kept my word and the weekly rak-up

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As my mom would say, “Do you have time for one quick little story?” Two hours later, you were still listening, and there was usually a point or some connection (at the very end). And so it continues… :o)

Acts of Kindness #62. Kept my word.

A little over a year ago, I unexpectedly found myself getting my mom’s house ready to put on the market. After living there for 43 years, our family had accumulated so much stuff that it took several months to get it all cleared out. When I was finally making progress with getting furniture, antiques, clothing, knickknacks, books, old report cards, letters, art projects, yearbooks…her life, our life, out of the house, I started to bring in new stuff. I’m sure people thought I was crazy, but there was a method to the madness. I knew that the new pieces would make the rooms look bigger and more updated, which would be more appealing to the buyers (I’ll admit I’ve watched my fair share of home shows on HGTV). In addition, the new furniture was lighter and brighter, which, in turn, made the house look lighter and brighter after being so dark and heavy for so long. For me, it felt like it was time to make things right again in the house that had provided so much more than shelter for all those years.

One night while getting the kids ready for bed, I decided that I needed a full or double size bed for the large front bedroom. For the longest time, my mom only kept one twin size bed in that room. If you were a couple or a mother with small children, you either uncomfortably shared the bed or camped out on the floor with decade-old dog hair and terrifyingly huge dust bunnies surrounding you. The options were limited and I absolutely loathed staying there. So, in the middle of cleaning and clearing out, I decided I would spend $150 for a mattress in an effort to “stage” the room, but also because I wanted a place for people to sleep when we were there. I figured I would spend more money staying in a hotel or on therapy, so I said, “What the hell!” and went for it.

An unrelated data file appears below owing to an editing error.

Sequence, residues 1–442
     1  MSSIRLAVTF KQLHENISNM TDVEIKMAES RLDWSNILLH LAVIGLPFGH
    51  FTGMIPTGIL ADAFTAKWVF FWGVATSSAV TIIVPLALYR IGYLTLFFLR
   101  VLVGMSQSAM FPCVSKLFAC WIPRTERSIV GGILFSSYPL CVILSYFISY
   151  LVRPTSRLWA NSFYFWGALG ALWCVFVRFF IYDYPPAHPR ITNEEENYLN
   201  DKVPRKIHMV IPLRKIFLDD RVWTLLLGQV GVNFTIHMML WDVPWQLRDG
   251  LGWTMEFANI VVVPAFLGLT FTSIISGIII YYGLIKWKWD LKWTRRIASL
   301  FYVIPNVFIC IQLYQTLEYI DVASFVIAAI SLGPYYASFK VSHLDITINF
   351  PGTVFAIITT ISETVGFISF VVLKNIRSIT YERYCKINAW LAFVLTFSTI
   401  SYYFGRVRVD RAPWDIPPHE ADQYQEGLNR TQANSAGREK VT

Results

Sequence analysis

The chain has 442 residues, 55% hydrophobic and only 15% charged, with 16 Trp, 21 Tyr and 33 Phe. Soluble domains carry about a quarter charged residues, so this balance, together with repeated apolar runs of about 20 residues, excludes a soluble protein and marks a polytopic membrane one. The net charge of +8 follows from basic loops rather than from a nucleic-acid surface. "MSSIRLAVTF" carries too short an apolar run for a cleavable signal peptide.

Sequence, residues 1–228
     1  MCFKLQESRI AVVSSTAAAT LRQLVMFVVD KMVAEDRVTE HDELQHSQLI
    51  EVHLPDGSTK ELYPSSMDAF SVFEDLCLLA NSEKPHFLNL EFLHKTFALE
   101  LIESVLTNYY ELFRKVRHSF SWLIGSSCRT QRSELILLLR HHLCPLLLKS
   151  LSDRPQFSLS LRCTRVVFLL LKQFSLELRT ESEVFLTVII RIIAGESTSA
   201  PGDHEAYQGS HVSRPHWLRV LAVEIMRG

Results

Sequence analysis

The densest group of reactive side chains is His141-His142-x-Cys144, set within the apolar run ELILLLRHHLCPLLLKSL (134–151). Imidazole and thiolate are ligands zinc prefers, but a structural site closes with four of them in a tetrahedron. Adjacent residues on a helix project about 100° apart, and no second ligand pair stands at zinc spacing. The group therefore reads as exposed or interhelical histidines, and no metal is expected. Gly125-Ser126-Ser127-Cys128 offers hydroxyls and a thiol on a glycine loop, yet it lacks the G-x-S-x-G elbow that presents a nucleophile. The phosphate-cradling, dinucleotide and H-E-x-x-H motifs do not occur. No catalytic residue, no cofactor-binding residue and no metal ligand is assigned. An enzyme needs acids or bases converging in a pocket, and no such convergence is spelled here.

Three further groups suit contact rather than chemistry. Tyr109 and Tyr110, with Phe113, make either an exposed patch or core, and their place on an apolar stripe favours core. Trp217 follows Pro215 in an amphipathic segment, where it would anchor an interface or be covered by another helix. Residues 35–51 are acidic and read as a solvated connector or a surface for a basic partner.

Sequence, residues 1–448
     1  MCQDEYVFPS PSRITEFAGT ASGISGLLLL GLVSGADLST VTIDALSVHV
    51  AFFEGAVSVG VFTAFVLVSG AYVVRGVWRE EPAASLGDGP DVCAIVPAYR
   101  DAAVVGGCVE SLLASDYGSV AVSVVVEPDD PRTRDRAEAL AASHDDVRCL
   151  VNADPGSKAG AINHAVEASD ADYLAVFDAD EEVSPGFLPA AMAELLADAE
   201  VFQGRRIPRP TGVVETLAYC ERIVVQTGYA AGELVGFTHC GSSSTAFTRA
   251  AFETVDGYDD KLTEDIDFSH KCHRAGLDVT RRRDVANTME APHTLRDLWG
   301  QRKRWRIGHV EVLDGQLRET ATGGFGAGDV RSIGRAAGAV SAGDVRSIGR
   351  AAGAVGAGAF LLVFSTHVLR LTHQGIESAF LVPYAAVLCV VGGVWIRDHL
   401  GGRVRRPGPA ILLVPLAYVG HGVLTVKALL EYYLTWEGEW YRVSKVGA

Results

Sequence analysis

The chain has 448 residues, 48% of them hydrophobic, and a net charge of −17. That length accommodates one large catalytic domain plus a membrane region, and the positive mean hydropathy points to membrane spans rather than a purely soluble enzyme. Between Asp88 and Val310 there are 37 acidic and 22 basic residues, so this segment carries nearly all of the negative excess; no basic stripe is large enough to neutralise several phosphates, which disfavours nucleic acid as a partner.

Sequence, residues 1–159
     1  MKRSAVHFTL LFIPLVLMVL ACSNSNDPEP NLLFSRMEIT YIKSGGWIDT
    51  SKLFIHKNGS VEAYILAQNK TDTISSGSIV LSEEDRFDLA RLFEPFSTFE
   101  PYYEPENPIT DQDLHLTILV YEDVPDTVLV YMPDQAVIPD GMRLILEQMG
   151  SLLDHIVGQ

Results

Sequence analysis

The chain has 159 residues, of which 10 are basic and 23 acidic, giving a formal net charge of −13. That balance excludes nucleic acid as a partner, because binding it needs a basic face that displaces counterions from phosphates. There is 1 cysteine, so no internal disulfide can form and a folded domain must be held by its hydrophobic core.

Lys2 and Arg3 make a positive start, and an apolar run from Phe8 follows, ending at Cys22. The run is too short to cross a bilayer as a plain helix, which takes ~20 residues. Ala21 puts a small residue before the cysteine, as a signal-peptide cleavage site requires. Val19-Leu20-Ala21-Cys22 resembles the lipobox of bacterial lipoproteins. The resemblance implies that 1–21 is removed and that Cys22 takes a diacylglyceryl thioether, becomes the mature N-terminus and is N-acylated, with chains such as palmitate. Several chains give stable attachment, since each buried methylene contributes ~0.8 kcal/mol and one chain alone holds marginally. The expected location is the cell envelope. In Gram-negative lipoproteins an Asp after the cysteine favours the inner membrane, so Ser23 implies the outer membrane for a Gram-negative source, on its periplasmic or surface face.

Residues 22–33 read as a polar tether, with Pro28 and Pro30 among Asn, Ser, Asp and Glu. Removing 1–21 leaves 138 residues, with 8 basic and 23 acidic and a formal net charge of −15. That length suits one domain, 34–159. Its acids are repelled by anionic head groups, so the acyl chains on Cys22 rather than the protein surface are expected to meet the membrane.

The next morning, I called “Sleepy’s”, a mattress place just a few blocks away from my mom’s house. The salesperson took his time going over all the options, including mattress styles, sizes, and prices. “It just so happens,” he explained, “that I have one mattress in stock, which fits your needs and it’s on sale.” I told him I would be there around 5:00-5:30pm that same day.

The kids and I went about our day as planned, except that we cut our visit with friends short because I told them I had to be somewhere around 5:00pm. As we were driving to the store, I could see dark clouds rolling in and knew we needed to get this mattress purchased and loaded up as soon as possible. I quickly pulled into the parking spot and walked in with all three (tired) kids in tow.

The store was completely empty and the salesman came right up to us, greeted me with a smile and said, “How can I help you?”. I mentioned that I had called earlier about the full-size mattress on sale. His face dropped and he said, “I’m sorry, I sold it this afternoon.” He apologized over and over again saying, “I get calls from people all day long saying that they’ll come in and they never show up. I cannot believe you actually came in to buy it. I’m so very sorry.”

Before John died and my perspective on life changed forever, I would have felt a little irritated or annoyed with the situation…but now I cannot help but look at the world through my “suffering” lens. All I kept thinking was – this happens to him all the time? People call him up, he takes his time explaining the various mattress styles and prices and then people don’t even show up? This was a man who took pride in his work and he was polite and helpful…  It makes me a little sad even now when I think of how quickly people dismissed him and the help he was offering them.